The case-law is now increasingly crowded, when it comes to scenarios where there was a less than independent investigation conducted into allegations of workplace misconduct.
Investigators, whether internal or external, must act independently throughout the investigation process. Too often, however, they do not. We therefore thought it timely to set out some key ways in which you can help minimise the prospect of any possible or actual bias occurring when you next investigate, or instruct an investigator to do so!
Judging on irrelevant past behaviour
So often, investigators make up their mind about whether a respondent has conducted themselves badly, based on irrelevant reliance on “prior form”. This is a very slippery slope, and an all too common one. Just because someone may have been found to have been discourteous in a team meeting three years ago, does not mean that they are then, on a more recent occasion five months ago, inherently guilty of claiming overtime they are not entitled to. Moral judgments have no place when forensically examining evidence to make findings of fact.
There is only one exception here, and it is not really an exception, as it is where past behaviour is or evidence of past behaviour is actually sufficiently relevant to consider. Specifically, only where there is a strikingly similar set of previous circumstances (for example, evidence of yelling at subordinates during “team building”) which indicates a clear pattern should one only then take that into account in deciding whether the same type of allegation (that is, yelling at subordinate A during “team building” day X) has occurred or not.
No commentary please, we are investigators !
Regardless of what you may genuinely be thinking as to how reliable, sound or solid someone’s evidence is at interview, (or the opposite thereof), do not get “in front of the camera”. Sometimes, in a mistake to allay nervousness, build rapport with an interviewee, or just thinking out loud, an investigator may comment on evidence provided.
In one memorable case, in response to an actual question by the complainant as to whether her evidence was in essence sufficient, the investigator commented, “no, that all looks good”, basically indicating he was in agreement with the complainant in real time.
How will this look?
Even if you think, as an internal investigator, that you are able to successfully avoid committing the above two errors, there is still always the perception of bias. Unless you are extremely new to a workplace, then either because of your role, as a manager, or as HR, and/or because of your longevity in the organisation, or for other reasons reflective of your social circles at work, you will not have what they say is a clean slate, or tabula rasa. You may indeed be already well aware of the “back story”, legacy issues, unfinished business or privy to certain sensitive information, and which at least one of the participants is also aware of. It may be that the actual subject matter of the investigation is no surprise to you, or that, possibly, this is not the first time that you have investigated such subject matter which involves at least one, if not more, of the current participants.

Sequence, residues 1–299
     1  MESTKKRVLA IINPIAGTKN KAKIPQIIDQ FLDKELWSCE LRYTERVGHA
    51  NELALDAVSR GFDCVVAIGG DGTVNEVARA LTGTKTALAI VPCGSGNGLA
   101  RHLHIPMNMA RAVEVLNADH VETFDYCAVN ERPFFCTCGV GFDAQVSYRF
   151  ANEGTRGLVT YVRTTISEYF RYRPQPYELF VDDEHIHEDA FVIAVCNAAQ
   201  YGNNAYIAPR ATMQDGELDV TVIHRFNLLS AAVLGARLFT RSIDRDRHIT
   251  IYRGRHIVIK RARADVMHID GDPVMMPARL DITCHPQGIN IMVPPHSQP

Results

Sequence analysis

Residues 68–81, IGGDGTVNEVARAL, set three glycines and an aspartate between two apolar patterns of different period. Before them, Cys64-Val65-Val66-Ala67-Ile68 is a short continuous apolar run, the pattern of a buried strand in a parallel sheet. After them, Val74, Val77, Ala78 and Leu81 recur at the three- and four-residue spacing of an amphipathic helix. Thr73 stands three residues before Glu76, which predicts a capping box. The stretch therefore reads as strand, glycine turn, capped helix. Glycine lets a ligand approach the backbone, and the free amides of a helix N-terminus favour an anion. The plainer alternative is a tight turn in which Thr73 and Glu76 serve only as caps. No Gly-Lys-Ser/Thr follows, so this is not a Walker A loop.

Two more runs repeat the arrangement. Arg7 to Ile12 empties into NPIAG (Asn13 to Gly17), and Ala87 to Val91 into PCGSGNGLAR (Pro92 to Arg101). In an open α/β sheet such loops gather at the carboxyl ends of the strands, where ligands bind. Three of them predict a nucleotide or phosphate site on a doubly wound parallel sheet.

Even if is in fact part of your role to conduct investigations, sooner or later, if you are known to know where “the bodies are buried”, or people perceive that you are privy to such sensitive information on people’s history at the workplace, you will possibly be seen as “too close”. Regardless of whether you think that you are able to remain objective and independent, this is a real “risk area” for an internal investigator.
It is vitally important to weigh up the risk of undertaking an investigation in the light of what you know, whom you are supervising, whom are you friendly with, and what your history of involvement and investigation with key participants in the current investigation has been.
If you consider that anyone may reasonably perceive you as possibly biased or possibly prone to bias due to your own “case history” then back away and appoint someone else, who is seen to be more detached and removed. Plan B? If no-one fits the bill, then appoint an external investigator, and again, very useful to have a range of external investigators so that they each too in turn can be viewed as objective and not handicapped by previous involvement in a previous round of investigations.
About Tanya Hunter
Tanya Hunter brings considerable litigation and policy experience to her role as a workplace investigator and consultant. She has worked with state and local government, not-for-profits and private firms in the USA and Australia. Tanya brings a balanced, impartial approach to the entire process from preliminary analysis of complaints to conducting investigations, creating productive policy guidance and solutions and implementing change projects.
Worklogic works with employers to resolve workplace complaints and create a positive culture at work. Please contact Tanya if your organisation needs assistance, call (03) 9981 6500 or come along to our training!